Let’s Help the 6th Graders: Final Day
Lesson 18 of 21
Objective: SWBAT understand statistics as a process for making inferences about a real data set.
Jump Right In!
After yesterday’s closing “next steps” planning activity, the students should know exactly what they need to do! (The entry document for the activity is attached as a resource.) Due to the fact that most optional workshops have ended, it is a great time for you as the teacher to rotate around and visit targeted groups. Looking at the next steps that the students submitted yesterday can be really telling. At this time, students have typically finished up most of the requirements on the rubric and are working on polishing up how they are going to communicate the concepts to the 6th graders. Since the environment will be buzzing with activity, I project a stopwatch on my projector to keep myself accountable to 20 minutes. For those groups who are beginning to finish up, I discuss (without using exact terminology) the math practice standards.
- How can we get the 6th grade students to see how we made use of the structure of the data, without overwhelming them with the mathematics and normal distribution? (MP7)
- How can we emphasize to the students that attending to precision involves much more than rounding correctly or checking answers? (MP6)
- How can we model to students our problem solving process?
All of these go a LONG way in illustrating the shift in emphasis with the common core! Exposing the 6th graders to mathematics that emphasizes problem solving, collaboration, and critical thinking is far more important than any other element or task in the project! It is a great way to network and show youngsters the true beauty and applications of mathematics.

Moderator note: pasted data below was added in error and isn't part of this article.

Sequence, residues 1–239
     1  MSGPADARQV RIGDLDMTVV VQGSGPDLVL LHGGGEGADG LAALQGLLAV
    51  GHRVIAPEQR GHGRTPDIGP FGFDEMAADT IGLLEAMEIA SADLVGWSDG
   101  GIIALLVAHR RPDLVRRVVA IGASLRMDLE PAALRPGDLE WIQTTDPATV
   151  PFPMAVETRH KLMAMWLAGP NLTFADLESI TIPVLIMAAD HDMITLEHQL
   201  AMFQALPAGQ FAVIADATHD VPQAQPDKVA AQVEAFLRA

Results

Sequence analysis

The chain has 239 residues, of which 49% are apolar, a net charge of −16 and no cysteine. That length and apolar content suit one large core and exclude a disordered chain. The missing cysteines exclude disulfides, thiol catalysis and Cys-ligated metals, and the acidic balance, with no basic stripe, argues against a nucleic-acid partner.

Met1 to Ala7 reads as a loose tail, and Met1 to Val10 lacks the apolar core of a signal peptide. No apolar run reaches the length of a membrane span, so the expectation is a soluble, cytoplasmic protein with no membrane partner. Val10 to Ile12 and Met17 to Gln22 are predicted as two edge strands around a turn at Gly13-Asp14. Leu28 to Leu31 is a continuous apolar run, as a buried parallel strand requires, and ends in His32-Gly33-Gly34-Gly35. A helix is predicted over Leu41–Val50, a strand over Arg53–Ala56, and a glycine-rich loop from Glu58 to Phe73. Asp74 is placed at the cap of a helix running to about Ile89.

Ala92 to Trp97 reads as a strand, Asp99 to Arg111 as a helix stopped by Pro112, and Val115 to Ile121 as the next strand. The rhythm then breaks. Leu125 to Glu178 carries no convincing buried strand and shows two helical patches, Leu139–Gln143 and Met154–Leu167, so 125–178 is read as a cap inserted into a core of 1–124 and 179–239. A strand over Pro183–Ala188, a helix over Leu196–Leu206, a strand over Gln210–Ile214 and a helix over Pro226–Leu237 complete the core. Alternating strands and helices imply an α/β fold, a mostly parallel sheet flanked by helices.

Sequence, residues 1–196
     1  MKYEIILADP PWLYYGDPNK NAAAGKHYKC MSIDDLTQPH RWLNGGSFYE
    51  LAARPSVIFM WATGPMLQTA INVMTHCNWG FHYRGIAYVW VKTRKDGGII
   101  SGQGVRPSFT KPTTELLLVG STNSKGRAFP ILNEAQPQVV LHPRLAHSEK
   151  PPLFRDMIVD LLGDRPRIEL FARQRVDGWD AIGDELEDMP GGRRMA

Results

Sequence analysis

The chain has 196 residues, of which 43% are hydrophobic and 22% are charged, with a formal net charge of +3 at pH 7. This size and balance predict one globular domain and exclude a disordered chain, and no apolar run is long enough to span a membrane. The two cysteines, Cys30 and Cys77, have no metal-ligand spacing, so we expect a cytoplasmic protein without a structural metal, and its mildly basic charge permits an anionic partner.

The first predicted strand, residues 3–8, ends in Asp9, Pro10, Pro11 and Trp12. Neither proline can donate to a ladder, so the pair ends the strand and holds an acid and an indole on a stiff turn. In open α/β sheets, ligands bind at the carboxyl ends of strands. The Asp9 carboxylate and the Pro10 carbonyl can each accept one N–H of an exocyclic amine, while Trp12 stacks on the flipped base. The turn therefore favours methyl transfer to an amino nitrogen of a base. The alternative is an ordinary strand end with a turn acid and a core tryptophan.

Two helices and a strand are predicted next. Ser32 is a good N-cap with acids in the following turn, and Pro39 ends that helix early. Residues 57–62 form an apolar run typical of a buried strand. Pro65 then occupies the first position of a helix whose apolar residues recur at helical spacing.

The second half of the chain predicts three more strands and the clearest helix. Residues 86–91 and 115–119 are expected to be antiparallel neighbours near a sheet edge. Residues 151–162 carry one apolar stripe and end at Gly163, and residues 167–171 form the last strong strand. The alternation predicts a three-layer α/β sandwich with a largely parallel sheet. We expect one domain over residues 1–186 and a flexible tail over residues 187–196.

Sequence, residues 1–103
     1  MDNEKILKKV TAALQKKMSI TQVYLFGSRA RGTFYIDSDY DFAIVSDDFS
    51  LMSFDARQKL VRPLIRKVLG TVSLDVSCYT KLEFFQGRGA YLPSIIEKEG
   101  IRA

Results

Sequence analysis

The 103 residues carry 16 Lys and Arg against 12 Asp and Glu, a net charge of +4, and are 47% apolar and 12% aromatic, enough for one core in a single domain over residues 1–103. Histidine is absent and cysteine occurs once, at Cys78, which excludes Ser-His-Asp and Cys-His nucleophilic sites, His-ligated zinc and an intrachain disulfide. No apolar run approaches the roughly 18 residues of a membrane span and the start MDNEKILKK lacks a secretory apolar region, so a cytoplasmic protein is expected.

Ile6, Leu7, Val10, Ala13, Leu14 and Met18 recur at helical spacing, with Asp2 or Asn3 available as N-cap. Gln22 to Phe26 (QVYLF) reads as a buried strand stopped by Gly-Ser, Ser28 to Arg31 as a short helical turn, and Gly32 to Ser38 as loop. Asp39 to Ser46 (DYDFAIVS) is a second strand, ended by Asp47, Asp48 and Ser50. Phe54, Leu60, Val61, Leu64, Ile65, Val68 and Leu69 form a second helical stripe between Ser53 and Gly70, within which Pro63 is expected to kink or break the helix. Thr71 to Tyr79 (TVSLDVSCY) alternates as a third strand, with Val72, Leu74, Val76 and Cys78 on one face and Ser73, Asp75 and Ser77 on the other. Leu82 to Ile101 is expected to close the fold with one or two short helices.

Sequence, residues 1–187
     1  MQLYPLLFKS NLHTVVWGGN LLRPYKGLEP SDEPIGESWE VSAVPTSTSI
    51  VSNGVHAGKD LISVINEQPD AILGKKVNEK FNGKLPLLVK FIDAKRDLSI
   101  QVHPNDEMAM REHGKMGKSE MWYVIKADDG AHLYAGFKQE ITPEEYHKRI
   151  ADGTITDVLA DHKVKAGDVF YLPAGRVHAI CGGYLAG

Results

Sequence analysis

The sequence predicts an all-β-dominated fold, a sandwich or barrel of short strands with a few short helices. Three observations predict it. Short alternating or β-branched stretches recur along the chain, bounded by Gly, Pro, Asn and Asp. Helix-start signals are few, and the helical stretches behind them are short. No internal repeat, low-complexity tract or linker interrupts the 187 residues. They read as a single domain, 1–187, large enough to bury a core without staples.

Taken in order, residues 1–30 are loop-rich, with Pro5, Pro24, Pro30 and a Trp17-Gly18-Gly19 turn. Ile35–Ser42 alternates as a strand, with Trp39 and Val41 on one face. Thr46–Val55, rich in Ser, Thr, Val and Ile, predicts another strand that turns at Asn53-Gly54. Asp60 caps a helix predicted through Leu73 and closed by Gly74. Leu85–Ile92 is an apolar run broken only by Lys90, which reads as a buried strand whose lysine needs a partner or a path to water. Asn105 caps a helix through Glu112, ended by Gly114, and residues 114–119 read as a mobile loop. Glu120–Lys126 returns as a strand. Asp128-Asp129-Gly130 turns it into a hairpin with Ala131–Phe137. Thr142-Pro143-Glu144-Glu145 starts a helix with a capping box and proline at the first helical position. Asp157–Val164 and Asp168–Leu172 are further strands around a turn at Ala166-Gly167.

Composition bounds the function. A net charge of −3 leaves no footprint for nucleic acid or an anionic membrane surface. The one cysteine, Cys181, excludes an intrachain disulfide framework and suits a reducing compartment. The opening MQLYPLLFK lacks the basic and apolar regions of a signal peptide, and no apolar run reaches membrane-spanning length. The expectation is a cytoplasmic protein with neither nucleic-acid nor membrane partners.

This next portion of planning will vary based on your teaching situation. Perhaps you are collaborating with a middle school teacher, but the periods in which you have the students do not align. Or maybe your schedules match up perfectly and you are able to hold group-group Skype sessions with the kids. No matter what the situation, letting the students know the plan is important! Even if things don’t align as nicely as they will for me with my cooperating middle school teacher, be creative and find a way to allow the students to communicate their knowledge to the 6th graders. This can be through Skype, recorded videos, email’s, or even ol’ fashioned letters.
Even if this activity us not possible in your district, hopefully it inspired you to make connections with another classroom and try something different. It is extremely rewarding to be a part of!
My Tentative Agenda:
1) 10 minutes for the students to get situated while I connect the Skype session and speak briefly with the 6th graders. I will thank them for their work and for allowing our class to analyze their data. I will also emphasize that what they are doing is really cool, and I am excited for them to get to the high school! (In a high school as big and overwhelming as ours, this can go a long way towards making the kids feel comfortable when they do enter the building in a few short years!)
2) Whole class to whole class Skype session (lead by the teachers and a few pre-determined students)
a) Select students that are willing to share in the excitement of the problem!
3) Information sharing with the middle school students